A+ R A-

City of San Bernardino 'Ain’t The Black Voice News A Newspaper Too'

E-mail Print PDF

Share this article with a friend

At the last meeting of the San Bernardino City Council there was a report given by Heather Gray, San Bernardino City Communications Manager where she received many accolades for her presentation from city council members. I was in agreement until she said that the city had only two newspapers which did not include any owned or operated by Blacks or Latinos.

She also stated that she had met with many in the local media to establish a relationship but according to my staff no formal relationship had been initiated, only casual conversations which occurred at city hall. While casual relationships are alright, it has been my experience that the outcome of this type of interaction is just that, casual and you are forgotten in formal presentations.

Now we have those who heard or saw this presentation thinking that there are only two newspapers that exist in the city. According to U.S. Census data Hispanics make up 57.3% of the population in San Bernardino and I know they have at least one weekly paper that circulates in the city, El Chicano. The Black community makes up 16.3% of the population and circulates four newspapers in the city: The American News, Precinct Reporter, Westside Story and the Black Voice News. I am confident that a formal meeting with us would have produced a different result in Ms. Gray’s presentation. Also speaking for BVN we have 43 business establishments in the city we deliver papers to every week, with one of them being San Bernardino City Hall.

I know her ommission of the minority-owned papers is not simply an oversight, because every time it comes to formal presentations or expenditures of money, people get amnesia or forget we exist. It always puts us in the position of having to call them out or remind them that we exist. I am always reminded that “we have to plead our own cause.” This statement published in the county’s first Black newspaper, The Freedom Journal in New York City 200 years ago is true today as it was then.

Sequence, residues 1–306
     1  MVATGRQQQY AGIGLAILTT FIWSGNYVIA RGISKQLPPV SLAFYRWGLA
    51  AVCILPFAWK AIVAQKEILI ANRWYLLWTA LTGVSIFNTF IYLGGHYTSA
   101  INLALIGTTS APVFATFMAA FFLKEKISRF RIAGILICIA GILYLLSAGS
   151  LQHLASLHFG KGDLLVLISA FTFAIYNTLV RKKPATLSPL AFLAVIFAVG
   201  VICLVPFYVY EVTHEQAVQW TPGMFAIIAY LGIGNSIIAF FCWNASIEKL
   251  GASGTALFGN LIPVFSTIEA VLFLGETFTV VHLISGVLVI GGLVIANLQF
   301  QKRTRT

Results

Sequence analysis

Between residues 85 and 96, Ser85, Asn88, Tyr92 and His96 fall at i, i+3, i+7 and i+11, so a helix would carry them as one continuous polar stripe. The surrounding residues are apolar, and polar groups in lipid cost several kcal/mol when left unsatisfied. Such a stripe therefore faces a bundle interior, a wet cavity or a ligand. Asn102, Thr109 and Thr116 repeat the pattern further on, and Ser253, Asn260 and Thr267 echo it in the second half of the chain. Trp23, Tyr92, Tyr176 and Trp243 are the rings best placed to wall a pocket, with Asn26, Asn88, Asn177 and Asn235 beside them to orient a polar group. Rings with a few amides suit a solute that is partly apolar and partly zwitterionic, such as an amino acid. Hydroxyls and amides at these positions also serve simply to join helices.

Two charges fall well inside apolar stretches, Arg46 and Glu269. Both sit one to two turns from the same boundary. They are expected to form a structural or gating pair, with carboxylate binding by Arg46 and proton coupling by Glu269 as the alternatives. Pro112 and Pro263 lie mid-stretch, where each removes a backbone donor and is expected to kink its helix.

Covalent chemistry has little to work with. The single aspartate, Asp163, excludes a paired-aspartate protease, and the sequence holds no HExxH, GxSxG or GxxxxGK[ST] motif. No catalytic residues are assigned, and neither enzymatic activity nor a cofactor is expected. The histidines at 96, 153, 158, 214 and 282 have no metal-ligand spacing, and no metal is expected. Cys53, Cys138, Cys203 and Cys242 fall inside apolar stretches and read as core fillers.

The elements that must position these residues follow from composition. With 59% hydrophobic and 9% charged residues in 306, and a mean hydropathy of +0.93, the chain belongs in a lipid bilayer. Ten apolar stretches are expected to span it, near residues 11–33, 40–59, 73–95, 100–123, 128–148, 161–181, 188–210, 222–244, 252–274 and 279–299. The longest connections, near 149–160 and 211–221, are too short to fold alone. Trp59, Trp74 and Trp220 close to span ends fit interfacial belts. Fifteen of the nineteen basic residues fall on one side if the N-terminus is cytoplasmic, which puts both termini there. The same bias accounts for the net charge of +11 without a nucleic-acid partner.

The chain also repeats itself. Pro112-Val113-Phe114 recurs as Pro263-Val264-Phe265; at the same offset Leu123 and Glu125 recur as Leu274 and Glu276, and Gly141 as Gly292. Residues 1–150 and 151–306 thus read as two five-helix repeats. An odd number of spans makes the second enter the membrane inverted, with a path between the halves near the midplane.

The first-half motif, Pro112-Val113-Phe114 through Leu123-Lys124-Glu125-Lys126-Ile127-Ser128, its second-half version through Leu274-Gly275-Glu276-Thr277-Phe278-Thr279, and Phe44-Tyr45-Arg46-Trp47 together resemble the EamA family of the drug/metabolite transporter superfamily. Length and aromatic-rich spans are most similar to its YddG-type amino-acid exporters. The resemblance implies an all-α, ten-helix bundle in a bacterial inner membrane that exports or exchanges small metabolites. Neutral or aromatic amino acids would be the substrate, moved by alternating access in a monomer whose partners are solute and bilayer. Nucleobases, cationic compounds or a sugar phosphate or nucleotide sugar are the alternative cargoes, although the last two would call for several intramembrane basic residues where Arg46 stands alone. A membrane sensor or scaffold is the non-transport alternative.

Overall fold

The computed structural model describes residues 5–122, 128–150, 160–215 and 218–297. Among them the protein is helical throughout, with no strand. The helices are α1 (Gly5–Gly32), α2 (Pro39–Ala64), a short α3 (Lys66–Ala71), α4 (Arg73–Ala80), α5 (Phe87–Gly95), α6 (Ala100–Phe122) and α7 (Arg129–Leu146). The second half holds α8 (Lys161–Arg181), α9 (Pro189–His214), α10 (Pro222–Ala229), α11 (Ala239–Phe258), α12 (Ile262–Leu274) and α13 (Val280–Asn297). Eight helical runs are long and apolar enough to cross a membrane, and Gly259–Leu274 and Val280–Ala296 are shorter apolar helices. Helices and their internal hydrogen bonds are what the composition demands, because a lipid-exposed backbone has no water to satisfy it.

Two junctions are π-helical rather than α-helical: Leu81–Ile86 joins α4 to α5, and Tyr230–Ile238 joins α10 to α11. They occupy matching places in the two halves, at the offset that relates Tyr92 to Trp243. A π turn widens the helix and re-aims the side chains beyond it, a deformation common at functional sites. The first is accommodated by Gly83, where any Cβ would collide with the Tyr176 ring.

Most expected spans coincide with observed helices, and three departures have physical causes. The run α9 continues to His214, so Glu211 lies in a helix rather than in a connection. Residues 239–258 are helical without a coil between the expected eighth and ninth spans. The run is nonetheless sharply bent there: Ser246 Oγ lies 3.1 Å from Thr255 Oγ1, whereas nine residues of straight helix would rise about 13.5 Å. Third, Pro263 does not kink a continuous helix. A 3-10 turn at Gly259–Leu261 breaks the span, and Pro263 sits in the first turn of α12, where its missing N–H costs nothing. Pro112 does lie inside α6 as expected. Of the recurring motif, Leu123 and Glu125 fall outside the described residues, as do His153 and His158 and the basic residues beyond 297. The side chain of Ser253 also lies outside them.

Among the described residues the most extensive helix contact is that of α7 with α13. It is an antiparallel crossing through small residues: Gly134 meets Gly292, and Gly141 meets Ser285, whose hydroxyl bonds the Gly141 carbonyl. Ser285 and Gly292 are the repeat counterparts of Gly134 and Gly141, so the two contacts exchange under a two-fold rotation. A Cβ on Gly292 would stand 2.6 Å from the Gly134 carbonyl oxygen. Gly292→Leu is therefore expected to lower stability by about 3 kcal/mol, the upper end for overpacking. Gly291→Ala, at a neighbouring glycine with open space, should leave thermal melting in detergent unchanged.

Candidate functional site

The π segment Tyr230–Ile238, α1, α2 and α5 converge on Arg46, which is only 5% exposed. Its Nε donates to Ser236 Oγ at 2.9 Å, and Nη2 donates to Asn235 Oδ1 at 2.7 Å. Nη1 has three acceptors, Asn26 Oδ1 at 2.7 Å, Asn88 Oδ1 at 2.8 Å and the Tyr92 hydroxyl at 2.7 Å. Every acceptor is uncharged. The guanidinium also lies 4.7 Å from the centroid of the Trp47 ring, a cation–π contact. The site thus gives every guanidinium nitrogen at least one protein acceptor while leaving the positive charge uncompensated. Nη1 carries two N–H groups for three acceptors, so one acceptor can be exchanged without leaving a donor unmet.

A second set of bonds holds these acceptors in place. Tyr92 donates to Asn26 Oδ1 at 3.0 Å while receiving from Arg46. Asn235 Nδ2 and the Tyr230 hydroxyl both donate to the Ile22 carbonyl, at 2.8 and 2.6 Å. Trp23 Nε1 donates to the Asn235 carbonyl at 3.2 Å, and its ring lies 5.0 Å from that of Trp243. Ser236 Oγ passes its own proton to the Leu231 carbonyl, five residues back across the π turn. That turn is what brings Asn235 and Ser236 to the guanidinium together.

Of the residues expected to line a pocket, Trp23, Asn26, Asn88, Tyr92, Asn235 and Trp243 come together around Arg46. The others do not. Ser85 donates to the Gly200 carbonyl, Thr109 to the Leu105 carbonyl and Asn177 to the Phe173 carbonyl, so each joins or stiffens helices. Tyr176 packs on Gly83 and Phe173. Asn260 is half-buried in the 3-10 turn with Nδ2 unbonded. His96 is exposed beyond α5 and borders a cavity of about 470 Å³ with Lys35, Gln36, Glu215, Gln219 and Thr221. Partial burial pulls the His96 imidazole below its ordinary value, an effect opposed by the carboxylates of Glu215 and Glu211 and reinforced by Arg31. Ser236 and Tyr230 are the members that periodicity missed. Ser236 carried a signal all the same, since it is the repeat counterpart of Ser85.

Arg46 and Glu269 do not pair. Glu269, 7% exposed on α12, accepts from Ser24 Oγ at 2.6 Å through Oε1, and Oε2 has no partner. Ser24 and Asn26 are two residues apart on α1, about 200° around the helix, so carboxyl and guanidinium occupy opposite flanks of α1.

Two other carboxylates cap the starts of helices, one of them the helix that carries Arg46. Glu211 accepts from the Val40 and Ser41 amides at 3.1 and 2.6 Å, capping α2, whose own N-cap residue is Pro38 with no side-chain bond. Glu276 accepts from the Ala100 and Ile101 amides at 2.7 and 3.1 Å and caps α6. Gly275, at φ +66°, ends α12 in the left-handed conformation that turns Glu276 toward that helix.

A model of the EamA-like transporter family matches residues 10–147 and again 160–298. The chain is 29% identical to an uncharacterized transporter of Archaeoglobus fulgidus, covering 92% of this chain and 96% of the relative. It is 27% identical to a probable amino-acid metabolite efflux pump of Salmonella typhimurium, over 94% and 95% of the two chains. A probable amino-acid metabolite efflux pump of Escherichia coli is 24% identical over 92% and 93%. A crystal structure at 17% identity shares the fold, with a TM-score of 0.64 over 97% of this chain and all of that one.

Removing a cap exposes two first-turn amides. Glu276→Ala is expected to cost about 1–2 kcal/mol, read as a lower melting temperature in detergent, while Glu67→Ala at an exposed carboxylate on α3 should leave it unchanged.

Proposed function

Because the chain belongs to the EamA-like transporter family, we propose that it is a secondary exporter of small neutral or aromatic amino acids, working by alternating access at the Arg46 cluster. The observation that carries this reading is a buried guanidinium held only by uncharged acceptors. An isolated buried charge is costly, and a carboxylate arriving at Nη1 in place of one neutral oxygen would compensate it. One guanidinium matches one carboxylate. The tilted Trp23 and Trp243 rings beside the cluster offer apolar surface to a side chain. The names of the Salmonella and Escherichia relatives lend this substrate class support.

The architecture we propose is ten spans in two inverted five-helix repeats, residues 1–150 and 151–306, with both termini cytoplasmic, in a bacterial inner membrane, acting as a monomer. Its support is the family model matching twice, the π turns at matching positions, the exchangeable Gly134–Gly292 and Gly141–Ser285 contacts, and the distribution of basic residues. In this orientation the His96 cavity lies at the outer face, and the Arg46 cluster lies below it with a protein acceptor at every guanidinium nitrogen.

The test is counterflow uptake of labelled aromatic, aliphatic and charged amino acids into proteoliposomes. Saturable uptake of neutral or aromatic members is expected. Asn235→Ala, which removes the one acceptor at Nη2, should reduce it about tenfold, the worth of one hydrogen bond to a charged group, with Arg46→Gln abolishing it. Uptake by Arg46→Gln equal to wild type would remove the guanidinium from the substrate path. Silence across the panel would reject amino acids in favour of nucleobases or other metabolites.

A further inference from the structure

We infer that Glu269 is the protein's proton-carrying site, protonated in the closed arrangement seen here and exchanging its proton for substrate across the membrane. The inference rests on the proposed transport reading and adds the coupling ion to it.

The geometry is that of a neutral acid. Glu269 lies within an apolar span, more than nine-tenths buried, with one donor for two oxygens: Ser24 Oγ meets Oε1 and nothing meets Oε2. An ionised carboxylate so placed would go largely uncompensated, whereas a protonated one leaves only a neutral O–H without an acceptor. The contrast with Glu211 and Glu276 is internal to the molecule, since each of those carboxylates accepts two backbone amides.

To put it another way, I’ll use the famous words spoken by Sojourner Truth, an African American woman born into slavery who spoke Dutch during her early childhood in the state of New York. Truth spoke at an all-White woman’s conference in Akron, Ohio in 1857, she asked the women: “Ain’t I A Woman”? She described herself as being able to do everything White females were able to do -- bearing children while working as hard as any man; yet no one had ever offered her the courtesies extended to White women. So her question to suffragettes as they sought their right to vote was “Ain’t I A Woman too”?

So my question to the communications manager and the city who accepted the report: “Ain’t We A Newspaper too”? I must say I am in agreement with the council, it was a good presentation, until the ommission of The Black Voice News and other minority-owned publications as viable vehicles to communicate not only the city’s message but the message of the community.

In Ms. Gray’s strategic plan she talked about “outreach” but her presentation sends a “chilling effect” to me as a publisher. Now while we do not publish everyday we do publish weekly, which is often enough to keep up with the goings on at city hall. So my question to Ms. Gray is “what are you going to use to get your message out to our community?” We are all legally adjudicated through the courts, we have business licenses, we pay business fees to the city, we print photos in color, and we all print articles with editorial content. So the question is: “Ain’t the Black Voice News A Newspaper too”?

Quantcast